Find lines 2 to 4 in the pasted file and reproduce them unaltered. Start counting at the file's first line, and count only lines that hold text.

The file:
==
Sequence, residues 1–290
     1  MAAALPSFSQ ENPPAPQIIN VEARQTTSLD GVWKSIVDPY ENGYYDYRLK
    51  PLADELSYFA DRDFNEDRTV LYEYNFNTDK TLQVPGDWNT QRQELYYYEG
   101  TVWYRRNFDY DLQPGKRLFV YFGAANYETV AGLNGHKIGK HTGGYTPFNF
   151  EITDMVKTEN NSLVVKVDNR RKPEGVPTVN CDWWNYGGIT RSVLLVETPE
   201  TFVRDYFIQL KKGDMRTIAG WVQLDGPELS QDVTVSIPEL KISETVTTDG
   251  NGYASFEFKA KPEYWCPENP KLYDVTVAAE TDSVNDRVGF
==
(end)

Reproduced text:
     1  MAAALPSFSQ ENPPAPQIIN VEARQTTSLD GVWKSIVDPY ENGYYDYRLK
    51  PLADELSYFA DRDFNEDRTV LYEYNFNTDK TLQVPGDWNT QRQELYYYEG
   101  TVWYRRNFDY DLQPGKRLFV YFGAANYETV AGLNGHKIGK HTGGYTPFNF